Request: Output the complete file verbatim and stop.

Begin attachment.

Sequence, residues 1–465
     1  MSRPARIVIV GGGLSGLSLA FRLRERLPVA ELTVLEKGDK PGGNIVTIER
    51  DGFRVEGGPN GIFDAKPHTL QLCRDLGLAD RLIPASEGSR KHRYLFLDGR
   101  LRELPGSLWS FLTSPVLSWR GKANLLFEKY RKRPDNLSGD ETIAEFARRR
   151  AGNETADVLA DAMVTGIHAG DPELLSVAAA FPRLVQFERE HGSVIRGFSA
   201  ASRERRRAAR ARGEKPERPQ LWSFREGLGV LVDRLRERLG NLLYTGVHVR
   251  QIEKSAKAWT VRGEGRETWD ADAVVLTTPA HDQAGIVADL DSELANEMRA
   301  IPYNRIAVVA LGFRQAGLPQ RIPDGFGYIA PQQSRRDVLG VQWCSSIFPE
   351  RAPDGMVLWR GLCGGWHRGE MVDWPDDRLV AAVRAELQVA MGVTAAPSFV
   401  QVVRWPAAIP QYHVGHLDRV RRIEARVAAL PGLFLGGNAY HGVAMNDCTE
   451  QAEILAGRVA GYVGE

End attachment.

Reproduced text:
Sequence, residues 1–465
     1  MSRPARIVIV GGGLSGLSLA FRLRERLPVA ELTVLEKGDK PGGNIVTIER
    51  DGFRVEGGPN GIFDAKPHTL QLCRDLGLAD RLIPASEGSR KHRYLFLDGR
   101  LRELPGSLWS FLTSPVLSWR GKANLLFEKY RKRPDNLSGD ETIAEFARRR
   151  AGNETADVLA DAMVTGIHAG DPELLSVAAA FPRLVQFERE HGSVIRGFSA
   201  ASRERRRAAR ARGEKPERPQ LWSFREGLGV LVDRLRERLG NLLYTGVHVR
   251  QIEKSAKAWT VRGEGRETWD ADAVVLTTPA HDQAGIVADL DSELANEMRA
   301  IPYNRIAVVA LGFRQAGLPQ RIPDGFGYIA PQQSRRDVLG VQWCSSIFPE
   351  RAPDGMVLWR GLCGGWHRGE MVDWPDDRLV AAVRAELQVA MGVTAAPSFV
   401  QVVRWPAAIP QYHVGHLDRV RRIEARVAAL PGLFLGGNAY HGVAMNDCTE
   451  QAEILAGRVA GYVGE